Community

Plenty going on behind the scenes at Wagga’s Zoo and Aviary

11 September 2021
Lachie Johns and sheep at Wagga Zoo.

Lachie Johns comes face to face with one of the less exotic exhibits at Wagga’s Zoo and Aviary. Photo: Supplied.

The gates at Wagga Wagga’s Zoo and Aviary may be closed to the public due to the state’s lockdown, but there is still plenty going on behind the scenes at the Botanic Gardens facility.

Work on the current rehabilitation and upgrade projects at the zoo have stepped up over the past few weeks and they are nearing completion.

Wagga Wagga City Council’s Team Leader of Parks Operations (Botanic Gardens) Jonathan Nicoll said the focus has been on the new amphitheatre space and free flight aviary.

“Previously, there were three ponds in the centre of the zoo, but they were filled in last year to create space for two new enclosures, one of which now houses Russell the wombat, and the new amphitheatre,” Mr Nicoll said.


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“Over recent weeks, we’ve been creating the three levels of the amphitheatre, putting in the cement and stonework and getting the ground ready for laying the turf and irrigation and planting the trees.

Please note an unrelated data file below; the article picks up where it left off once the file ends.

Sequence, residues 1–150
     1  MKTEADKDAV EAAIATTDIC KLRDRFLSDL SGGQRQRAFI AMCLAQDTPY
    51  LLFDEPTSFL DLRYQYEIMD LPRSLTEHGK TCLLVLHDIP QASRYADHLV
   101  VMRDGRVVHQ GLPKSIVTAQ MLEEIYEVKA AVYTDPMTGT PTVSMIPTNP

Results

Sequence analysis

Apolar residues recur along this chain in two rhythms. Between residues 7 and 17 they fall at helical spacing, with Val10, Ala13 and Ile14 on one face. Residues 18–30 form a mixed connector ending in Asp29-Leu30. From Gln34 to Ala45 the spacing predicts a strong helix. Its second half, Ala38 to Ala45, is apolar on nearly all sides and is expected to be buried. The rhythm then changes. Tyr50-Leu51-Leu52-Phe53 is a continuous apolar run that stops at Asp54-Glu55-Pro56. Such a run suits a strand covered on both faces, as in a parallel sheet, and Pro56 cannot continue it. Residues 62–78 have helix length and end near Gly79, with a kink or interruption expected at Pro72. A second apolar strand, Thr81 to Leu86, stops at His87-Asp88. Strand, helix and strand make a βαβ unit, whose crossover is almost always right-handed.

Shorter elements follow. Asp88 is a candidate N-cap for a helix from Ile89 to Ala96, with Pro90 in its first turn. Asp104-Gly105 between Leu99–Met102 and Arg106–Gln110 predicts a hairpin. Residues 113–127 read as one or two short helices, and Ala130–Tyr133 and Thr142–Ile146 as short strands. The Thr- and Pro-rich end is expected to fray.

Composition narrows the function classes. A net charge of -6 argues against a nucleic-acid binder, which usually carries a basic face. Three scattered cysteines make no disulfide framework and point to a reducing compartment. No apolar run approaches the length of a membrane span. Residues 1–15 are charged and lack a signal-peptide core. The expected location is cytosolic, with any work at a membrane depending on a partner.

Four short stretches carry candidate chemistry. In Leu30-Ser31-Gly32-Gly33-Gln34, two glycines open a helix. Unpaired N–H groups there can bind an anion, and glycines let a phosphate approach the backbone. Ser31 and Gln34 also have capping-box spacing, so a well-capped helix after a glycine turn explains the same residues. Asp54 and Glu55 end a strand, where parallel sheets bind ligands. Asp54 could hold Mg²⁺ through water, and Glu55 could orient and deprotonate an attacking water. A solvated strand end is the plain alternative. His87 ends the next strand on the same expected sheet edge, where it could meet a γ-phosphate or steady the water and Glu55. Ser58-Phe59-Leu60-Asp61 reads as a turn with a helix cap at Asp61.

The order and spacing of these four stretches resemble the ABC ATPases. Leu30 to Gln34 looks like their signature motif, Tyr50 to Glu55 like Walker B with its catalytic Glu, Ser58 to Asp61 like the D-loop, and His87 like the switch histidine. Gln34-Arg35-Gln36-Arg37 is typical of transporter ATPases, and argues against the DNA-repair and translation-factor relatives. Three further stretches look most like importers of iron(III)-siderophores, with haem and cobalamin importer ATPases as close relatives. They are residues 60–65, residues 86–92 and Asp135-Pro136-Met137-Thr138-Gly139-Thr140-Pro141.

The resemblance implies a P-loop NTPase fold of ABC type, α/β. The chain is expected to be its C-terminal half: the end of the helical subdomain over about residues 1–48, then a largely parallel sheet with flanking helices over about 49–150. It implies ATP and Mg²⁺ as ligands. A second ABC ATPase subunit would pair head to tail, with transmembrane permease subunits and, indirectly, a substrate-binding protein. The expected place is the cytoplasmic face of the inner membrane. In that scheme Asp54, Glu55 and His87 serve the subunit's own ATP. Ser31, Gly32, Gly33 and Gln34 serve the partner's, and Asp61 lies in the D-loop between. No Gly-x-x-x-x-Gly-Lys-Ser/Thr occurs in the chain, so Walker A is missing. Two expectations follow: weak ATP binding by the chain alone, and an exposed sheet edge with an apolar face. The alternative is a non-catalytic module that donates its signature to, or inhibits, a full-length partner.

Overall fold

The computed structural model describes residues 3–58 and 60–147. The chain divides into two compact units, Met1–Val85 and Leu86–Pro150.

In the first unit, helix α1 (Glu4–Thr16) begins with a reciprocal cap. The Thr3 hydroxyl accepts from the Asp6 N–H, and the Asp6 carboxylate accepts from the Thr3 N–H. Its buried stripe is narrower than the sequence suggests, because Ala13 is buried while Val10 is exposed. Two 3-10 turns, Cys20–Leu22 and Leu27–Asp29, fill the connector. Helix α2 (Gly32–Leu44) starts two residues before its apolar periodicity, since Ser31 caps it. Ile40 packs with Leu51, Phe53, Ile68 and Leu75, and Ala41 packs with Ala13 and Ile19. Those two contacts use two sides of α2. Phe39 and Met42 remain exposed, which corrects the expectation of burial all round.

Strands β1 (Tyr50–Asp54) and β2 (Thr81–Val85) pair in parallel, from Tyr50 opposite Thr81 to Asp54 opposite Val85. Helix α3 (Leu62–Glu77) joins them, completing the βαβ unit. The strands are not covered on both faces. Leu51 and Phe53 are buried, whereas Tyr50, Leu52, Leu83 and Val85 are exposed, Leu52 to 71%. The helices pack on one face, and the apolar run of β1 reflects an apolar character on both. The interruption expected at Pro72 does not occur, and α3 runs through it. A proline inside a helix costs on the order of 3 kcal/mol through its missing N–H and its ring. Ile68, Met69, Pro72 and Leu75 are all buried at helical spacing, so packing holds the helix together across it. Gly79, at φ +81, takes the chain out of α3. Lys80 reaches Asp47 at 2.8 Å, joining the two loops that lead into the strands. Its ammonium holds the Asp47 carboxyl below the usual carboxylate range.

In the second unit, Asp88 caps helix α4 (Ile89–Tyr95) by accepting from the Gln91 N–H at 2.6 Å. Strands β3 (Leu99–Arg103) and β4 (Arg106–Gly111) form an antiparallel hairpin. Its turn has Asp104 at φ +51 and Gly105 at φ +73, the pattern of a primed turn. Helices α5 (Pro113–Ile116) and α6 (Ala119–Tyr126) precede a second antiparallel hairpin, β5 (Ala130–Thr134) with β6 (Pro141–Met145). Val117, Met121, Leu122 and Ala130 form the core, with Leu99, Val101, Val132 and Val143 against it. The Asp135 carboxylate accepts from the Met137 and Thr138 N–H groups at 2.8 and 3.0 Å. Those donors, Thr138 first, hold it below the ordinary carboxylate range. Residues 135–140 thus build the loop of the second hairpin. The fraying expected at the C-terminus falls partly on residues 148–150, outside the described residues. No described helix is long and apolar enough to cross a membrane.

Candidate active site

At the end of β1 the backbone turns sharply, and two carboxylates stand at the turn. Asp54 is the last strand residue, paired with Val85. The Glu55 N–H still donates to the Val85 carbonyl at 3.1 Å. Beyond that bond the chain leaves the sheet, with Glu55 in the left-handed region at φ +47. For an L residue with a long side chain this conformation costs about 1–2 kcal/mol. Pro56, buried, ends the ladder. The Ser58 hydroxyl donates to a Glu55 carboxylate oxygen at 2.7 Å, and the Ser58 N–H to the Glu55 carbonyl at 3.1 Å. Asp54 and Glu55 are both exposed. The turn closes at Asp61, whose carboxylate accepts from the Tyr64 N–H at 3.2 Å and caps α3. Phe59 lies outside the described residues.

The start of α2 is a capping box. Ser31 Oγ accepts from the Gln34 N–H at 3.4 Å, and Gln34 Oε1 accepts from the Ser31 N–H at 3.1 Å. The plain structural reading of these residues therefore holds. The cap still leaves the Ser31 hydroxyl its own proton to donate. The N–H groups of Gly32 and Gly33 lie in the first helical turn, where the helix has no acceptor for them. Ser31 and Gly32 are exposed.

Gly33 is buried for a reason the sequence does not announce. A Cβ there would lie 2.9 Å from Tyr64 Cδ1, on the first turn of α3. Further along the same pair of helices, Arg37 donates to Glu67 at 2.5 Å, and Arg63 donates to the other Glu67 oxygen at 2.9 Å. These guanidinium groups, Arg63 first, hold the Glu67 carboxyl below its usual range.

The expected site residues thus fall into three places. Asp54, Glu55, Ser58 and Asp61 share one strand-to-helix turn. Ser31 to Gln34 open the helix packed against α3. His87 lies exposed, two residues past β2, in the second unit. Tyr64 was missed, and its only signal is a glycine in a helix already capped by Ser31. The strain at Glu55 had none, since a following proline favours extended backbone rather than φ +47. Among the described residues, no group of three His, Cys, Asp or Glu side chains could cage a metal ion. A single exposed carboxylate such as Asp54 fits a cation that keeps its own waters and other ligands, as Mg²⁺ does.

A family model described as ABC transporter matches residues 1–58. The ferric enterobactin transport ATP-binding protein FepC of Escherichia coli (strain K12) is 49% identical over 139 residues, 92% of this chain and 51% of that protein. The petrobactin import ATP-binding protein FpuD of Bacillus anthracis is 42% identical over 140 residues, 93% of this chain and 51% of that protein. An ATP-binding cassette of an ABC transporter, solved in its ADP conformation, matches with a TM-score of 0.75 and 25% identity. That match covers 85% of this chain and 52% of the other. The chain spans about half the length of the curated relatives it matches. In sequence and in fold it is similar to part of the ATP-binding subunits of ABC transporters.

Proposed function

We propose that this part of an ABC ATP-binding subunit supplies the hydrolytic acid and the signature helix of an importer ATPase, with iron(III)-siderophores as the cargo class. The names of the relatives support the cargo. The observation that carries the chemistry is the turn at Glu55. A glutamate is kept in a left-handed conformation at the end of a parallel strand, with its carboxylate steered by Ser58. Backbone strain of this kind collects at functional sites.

“This will become an education space so when we hold our animal tours and talks, and schools visit, our zoo curators will be able to engage with people sitting in a beautiful, open, green and shaded space.”

The free flight aviary project saw the Botanic Gardens zoo team start from scratch, due to the ageing out-of-date existing infrastructure.

It now has new ponds and feeders and the landscaping is being refreshed. Council is also in the process of procuring more native bird species for the aviary.

These improvements add to the upgrades already undertaken at the Zoo and Aviary over the past two years, designed to create a more secure and pleasant environment for the animals, while also improving the visitor experience.


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It includes new and rehabilitated enclosures for the grey and red kangaroos, wallabies, alpacas and emus, as well as new perimeter fencing.

To allow the work to be carried out safely, prior to lockdown the zoo was closed to the public on Tuesday and Wednesday during school terms.

“We didn’t want to rush the work and we also wanted to allow visitors to still have access to the zoo,” Mr Nicoll said.

“We want to thank residents and visitors for their patience while we’ve been undertaking these improvements, but I’m confident they will think it was well worth it once they see it all finished.

“The community is going to be really proud of what’s gone on up here because it’s going to be an asset that they’re going to enjoy for years to come.”

It is anticipated the amphitheatre and free flight aviary will be finished in time for the first week of the October school holidays. The zoo’s reopening will depend on NSW Public Health Orders.

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